Nov 5, 2009

2010 and all that


It is a basic principle in economics that estimates of employment and GDP impacts in themselves tell us nothing about the benefits and costs of government initiatives.

Government spending creates jobs. More spending creates more jobs. But whether that is in the public interest raises very different questions. Will the job creation employ people who would otherwise be unemployed, or just bid up wages and attract workers from other activities or regions? What is being produced – how much is it valued? How much of the cost will ultimately fall on taxpayers, and what other activities or expenditures might that consequently displace?

The recently-released PriceWaterhouseCoopers (PWC) report on the economic impacts of the 2010 Games, like the InterVistas report that preceded it, does not ask any of these questions. Notwithstanding all of the government and media attention it is receiving, it therefore provides no insight into the net benefits or costs of hosting the Games.

Illustrating this very clearly is PWC’s explanation of why they conclude the 2010 Games have produced similar impacts to what InterVistas predicted in 2003, despite the fact that virtually none of the tourism impacts forecast in the InterVistas report has materialized. The lack of tourism impacts has been offset by larger than expected spending on the City of Vancouver’s Olympic Village project and Richmond’s speed skating oval. More city spending has meant more employment impact.

The government’s press release accompanying the PWC report states this study confirms that the benefits expected from the 2010 Games are being realized. In effect it is saying the increased city spending has made us better off because of the additional jobs the additional spending has generated.

Of course this analysis and conclusion is fundamentally flawed.  As the famous, conservative economist Milton Friedman liked to point out, there is no free lunch. There certainly is no free Olympic Village housing or speed skating ovals. The cities’ net costs for those projects will mean less spending on other initiatives or higher taxes. Alternative public or private spending will be displaced.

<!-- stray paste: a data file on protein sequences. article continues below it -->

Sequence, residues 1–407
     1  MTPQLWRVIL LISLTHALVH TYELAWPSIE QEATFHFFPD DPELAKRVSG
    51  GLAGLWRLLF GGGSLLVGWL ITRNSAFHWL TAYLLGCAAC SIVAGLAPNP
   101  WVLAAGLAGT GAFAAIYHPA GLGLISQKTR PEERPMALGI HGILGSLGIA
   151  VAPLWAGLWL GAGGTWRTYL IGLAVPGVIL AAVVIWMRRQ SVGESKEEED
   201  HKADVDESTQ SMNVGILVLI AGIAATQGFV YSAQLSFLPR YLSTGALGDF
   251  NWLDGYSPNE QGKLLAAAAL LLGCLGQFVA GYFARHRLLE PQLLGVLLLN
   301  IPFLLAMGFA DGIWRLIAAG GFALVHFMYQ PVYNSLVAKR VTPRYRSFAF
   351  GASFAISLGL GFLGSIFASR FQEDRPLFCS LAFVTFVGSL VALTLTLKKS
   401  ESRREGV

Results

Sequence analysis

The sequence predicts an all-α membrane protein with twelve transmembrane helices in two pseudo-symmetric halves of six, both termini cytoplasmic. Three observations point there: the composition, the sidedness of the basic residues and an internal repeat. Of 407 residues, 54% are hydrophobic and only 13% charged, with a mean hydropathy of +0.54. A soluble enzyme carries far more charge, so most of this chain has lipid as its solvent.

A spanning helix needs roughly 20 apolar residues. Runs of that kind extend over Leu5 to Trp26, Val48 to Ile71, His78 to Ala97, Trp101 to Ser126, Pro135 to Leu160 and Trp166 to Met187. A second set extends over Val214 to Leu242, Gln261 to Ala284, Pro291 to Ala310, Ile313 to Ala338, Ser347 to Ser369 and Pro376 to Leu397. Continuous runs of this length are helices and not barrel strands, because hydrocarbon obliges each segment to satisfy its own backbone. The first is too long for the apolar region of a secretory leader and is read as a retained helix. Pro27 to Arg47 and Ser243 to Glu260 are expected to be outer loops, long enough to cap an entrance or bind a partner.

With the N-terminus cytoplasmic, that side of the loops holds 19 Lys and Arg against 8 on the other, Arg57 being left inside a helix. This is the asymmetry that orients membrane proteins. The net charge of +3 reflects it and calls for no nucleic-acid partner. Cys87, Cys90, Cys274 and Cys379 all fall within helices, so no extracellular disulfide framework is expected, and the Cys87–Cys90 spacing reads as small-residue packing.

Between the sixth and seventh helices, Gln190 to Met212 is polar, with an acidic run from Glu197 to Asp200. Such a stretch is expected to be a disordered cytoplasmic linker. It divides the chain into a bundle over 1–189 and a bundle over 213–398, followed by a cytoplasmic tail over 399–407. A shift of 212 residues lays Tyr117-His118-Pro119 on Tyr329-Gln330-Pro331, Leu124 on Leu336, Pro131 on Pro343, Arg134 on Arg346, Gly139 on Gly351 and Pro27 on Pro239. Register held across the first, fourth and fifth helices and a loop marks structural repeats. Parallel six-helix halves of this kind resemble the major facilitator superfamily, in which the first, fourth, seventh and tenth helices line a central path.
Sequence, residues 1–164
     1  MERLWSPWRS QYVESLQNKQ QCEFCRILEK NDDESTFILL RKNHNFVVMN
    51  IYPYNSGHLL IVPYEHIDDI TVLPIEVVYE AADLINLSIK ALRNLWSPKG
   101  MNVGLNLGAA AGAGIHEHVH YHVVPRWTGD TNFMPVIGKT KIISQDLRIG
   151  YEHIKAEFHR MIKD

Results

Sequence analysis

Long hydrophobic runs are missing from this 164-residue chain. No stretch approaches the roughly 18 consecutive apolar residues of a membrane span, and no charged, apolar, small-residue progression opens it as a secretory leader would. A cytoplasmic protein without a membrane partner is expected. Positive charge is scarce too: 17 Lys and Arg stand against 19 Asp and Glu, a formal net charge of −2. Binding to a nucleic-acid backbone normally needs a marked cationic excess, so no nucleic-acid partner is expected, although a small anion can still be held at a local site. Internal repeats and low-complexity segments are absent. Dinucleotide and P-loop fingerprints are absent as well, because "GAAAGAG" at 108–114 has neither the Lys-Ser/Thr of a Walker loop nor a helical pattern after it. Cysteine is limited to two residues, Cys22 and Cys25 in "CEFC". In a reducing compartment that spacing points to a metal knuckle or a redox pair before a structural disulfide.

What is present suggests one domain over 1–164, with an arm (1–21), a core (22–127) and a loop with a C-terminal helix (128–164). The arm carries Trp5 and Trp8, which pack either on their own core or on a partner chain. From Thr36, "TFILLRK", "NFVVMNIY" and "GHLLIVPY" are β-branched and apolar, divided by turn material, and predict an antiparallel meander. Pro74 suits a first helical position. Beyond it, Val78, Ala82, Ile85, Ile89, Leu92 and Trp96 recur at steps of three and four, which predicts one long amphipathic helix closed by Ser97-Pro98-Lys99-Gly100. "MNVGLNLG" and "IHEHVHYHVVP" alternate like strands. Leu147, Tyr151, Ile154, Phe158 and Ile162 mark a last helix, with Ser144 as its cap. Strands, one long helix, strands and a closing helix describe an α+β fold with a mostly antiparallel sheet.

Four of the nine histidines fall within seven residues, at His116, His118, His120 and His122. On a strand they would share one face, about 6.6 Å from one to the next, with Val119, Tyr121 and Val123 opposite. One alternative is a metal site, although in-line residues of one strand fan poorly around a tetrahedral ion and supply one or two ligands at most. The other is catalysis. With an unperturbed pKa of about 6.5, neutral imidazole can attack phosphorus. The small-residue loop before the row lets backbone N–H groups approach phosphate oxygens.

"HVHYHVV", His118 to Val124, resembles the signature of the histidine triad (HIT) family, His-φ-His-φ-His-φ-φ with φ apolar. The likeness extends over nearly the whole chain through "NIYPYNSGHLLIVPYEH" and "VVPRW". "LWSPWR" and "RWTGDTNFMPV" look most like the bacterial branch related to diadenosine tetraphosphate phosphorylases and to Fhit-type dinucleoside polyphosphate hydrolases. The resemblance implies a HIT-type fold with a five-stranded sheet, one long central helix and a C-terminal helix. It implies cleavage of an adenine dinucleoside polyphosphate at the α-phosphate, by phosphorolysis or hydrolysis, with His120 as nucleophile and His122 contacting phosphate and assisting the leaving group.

The economic issue for the 2010 Games is whether the Olympic housing, the oval and the other facilities and opportunities created by the Games are valued more than what else could have been produced or done. And that question is something PWC and the government have not begun to address.

Indeed, there has yet to be a full accounting by government of all of the resources that have been allocated to these Games – the expenditures incurred and staff time provided by all levels of government, including crown corporations and agencies; and the costs that have been and will be imposed on residents and business by the construction and  the Games themselves.

No doubt there will be significant benefits from the infrastructure that has been built and from the pride and opportunities hosting the Games will provide. There may even be some employment benefits, not so much during the construction period when the economy was overheated, but now that there is more widespread unemployment.  But the impact estimates seized on by the government shed no light on the magnitude of those benefits, and in the absence of any estimate of the full costs are meaningless in any event.

Governments like focusing on impact studies. Since spending creates impacts and impacts are assumed to be unequivocally good, they can justify virtually any spending or policy initiative – the more spending the better.  However, it is a practice that should be resisted.  It serves only to obscure and often prevent a proper debate over the benefits and costs of what is being proposed or done.